On July 4, a team of around 30 British Royal Marines were deployed to Gibraltar to help detain supertanker Grace 1 believed to be carrying two million barrels of crude oil to the Baniyas Refinery in Syria in violation of European Union sanctions against the Assad government, a major ally of Iran’s.
The incident took place against a backdrop of a simmering dispute on Tehran’s retaliatory breach of the nuclear accord—officially known as the Joint Comprehensive Plan of Action (JCPOA)—and how European powers should redeem it in the face of the Trump administration’s “maximum pressure” campaign against the Islamic Republic. The confiscation was reportedly carried out at the behest of the United States and warmly welcomed by the US National Security Advisor John Bolton as “excellent news.”
Deeply in the throes of leaving the EU, Britain is unsurprisingly trying to warm up to the US and its regional Arab allies such as Saudi Arabia and the United Arab Emirates, which it will have to rely further on economically and politically in the post-Brexit era, by being so-called “tough” on Iran.
Yet, given the strained European silence on the issue, including by France and Germany—both signatories to the nuclear agreement—the tanker seizure seems to have been interpreted in Tehran as a signal to the Iranian leadership that Europe is willing and ready to overlook its differences with the US and join Washington’s pursuit of crippling pressure on Iran if it carries through with threats of nuclear escalation.
In an alarming reaction to the incident, Mohsen Rezaee, Secretary of Iran’s Expediency Council and a Revolutionary Guards commander, warned in a tweet that “if Britain does not release the Iranian oil tanker, it is the authorities’ duty to seize a British oil tanker.”
The threat of reprisal was reinforced the following day by Mohammad Ali Mousavi Jazayeri, a member of the Assembly of Experts—a clerical body in charge of overseeing the Supreme Leader and choosing his successor—who stressed that Britain should be “scared” of Tehran’s retaliatory measures over the “illegal” seizure of the supertanker.
A few days later, on July 11, the UK government announced that a Royal Navy warship had staved off three Revolutionary Guards speedboats trying to block a British-owned tanker passing through the Strait of Hormuz between the Persian Gulf and the Sea of Oman.
The detention of Grace 1 has put Tehran in a difficult position.
The seizure of a British oil tanker in retaliation could spark a diplomatic crisis between Iran and the European Union and push the latter closer towards the United States at a time when the Islamic Republic needs European help to keep its economy afloat. More specifically, it can adversely affect European tolerance of Iran’s gradual reduction of nuclear commitments under the JCPOA in response to US sanctions.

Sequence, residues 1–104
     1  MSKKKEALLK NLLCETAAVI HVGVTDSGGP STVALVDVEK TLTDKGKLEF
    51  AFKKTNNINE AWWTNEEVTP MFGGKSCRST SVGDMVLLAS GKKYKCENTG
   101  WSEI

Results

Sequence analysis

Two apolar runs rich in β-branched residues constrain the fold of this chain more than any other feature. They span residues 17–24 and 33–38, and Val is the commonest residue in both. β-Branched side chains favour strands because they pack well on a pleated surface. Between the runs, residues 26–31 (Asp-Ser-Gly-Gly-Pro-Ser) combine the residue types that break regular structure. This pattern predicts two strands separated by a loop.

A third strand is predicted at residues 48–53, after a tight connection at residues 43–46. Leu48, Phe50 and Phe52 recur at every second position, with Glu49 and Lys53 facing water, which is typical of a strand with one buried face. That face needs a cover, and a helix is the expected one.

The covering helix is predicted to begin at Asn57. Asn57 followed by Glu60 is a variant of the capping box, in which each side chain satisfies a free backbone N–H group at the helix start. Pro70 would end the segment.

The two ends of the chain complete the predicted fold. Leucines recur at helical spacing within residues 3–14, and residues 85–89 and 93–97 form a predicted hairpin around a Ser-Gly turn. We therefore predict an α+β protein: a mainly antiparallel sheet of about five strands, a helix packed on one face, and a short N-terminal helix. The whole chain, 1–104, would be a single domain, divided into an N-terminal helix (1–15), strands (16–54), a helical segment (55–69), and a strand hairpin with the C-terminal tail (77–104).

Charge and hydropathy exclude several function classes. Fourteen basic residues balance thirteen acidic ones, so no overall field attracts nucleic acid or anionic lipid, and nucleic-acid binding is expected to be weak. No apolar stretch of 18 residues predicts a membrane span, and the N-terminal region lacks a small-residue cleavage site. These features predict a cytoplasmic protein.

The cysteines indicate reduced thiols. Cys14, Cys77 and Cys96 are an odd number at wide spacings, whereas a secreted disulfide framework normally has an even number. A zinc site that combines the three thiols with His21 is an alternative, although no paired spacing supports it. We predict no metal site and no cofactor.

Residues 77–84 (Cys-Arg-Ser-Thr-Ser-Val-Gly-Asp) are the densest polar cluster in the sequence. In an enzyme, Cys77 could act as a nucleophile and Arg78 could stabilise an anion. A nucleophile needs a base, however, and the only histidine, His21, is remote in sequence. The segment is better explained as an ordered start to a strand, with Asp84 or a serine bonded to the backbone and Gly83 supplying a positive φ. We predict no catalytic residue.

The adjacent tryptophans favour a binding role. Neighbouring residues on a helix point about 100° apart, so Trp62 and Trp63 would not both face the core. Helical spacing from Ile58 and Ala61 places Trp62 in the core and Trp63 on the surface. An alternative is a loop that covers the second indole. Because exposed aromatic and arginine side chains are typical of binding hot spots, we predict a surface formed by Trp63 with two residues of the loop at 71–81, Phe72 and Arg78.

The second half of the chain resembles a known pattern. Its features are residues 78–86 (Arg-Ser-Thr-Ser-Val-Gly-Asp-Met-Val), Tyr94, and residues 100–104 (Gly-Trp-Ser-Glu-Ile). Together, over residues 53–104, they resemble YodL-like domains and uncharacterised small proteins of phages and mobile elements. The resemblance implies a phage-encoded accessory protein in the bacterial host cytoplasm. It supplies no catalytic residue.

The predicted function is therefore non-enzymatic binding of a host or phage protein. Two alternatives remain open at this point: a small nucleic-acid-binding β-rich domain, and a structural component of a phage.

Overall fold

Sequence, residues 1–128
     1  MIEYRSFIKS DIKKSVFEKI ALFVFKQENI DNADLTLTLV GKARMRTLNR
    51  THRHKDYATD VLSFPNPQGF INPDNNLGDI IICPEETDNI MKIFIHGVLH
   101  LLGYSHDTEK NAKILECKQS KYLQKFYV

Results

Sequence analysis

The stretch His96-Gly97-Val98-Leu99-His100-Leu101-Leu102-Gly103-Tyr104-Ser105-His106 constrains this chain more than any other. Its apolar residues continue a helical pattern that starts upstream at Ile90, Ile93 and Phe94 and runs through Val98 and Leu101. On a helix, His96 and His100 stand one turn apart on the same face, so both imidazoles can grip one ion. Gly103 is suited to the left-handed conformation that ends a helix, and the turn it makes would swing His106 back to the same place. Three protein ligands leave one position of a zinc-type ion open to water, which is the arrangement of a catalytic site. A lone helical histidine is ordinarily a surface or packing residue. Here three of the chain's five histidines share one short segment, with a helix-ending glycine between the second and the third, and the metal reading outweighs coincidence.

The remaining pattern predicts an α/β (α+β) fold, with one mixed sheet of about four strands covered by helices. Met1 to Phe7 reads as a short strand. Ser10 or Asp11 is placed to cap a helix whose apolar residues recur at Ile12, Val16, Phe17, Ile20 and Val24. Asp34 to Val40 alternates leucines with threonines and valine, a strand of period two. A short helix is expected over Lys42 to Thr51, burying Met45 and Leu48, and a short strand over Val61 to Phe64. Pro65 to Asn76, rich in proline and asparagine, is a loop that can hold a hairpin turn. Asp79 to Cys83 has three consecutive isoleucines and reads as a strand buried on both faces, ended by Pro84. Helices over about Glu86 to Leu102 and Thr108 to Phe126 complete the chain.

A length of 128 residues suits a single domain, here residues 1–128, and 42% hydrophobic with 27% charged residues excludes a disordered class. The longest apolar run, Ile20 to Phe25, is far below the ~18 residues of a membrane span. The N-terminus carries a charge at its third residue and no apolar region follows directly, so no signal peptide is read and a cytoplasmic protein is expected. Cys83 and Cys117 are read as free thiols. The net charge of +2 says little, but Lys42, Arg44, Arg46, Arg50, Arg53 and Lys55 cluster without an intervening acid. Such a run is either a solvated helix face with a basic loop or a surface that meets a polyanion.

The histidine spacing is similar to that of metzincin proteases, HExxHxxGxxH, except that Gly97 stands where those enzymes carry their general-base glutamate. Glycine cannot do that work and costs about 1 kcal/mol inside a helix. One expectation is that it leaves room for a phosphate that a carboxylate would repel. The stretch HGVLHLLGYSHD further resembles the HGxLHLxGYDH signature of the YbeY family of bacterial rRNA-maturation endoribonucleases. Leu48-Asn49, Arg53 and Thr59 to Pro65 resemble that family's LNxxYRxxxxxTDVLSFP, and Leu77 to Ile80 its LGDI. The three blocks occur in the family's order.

Iranian inaction, on the other hand, runs the risk of prompting a so-called domino effect and encouraging Tehran’s other nemeses to follow suit and try to enforce American or European sanctions against it in the high seas.
Public suspicion and sensitivity about the UK in Iran do not help either. The incident has revived bitter historical memories of a British-American coup in 1953 against Prime Minister Mohammad Mosaddegh who nationalized the Iranian oil industry at the expense of Britain. The Persian-speaking social media have been awash with calls for retaliatory measures against British interests until London is forced to release the confiscated oil tanker.
Diplomatic efforts to defuse tensions have so far failed to yield substantial results.
Diplomatic efforts to defuse tensions have so far failed to yield substantial results. UK Foreign Secretary Jeremy Hunt, who is also a Tory leadership contender, has offered to return the tanker in exchange for guarantees that its massive oil cargo not be delivered to Syria. Iranian Foreign Minister Mohammad Javad Zarif has denied the allegation, insisting that Grace 1 was headed to a legal destination in the eastern Mediterranean Sea.
Either as a result of British lobbying to ease tensions or for fear of regional escalation and its grave security consequences, some of Iran’s neighbors seem to be adopting a more conciliatory stance. On July 15, Tidewater Middle East Co., Iran’s largest port operator, declared that Kuwait had released a major Iranian crane vessel—Arvand Tide 1000—10 months after it was detained at the Kuwaiti Port of Shuaiba over “baseless allegations.” Iranian Oil Minister Bijan Zanganeh has also told lawmakers in Tehran that the faceoff with the UK could be resolved through diplomacy, suggesting that retribution is not necessary.
Ayatollah Khamenei warned that the Islamic Republic and its “devout elements will not leave vicious Britain’s piracy unanswered.”
On Tuesday, Iran’s Supreme Leader Ayatollah Khamenei warned that the Islamic Republic and its “devout elements will not leave vicious Britain’s piracy unanswered.” The menacing rhetoric is reminiscent of a mob attack on the UK embassy in Tehran by a group of pro-state plainclothes hardliners who were indignant at London’s “anti-Iran” policies over its nuclear program.
Yet, Tehran will likely try to use the Gibraltar incident as a source of political leverage to increase pressure on the EU and compel it into shielding Iran’s economy against US nuclear sanctions. But if push comes to shove, and European powers resort to punitive measures to coerce Iranian nuclear compliance, Tehran might very well respond by seizing the assets of its adversaries or a repeat of sabotage attacks on international shipping in the Gulf.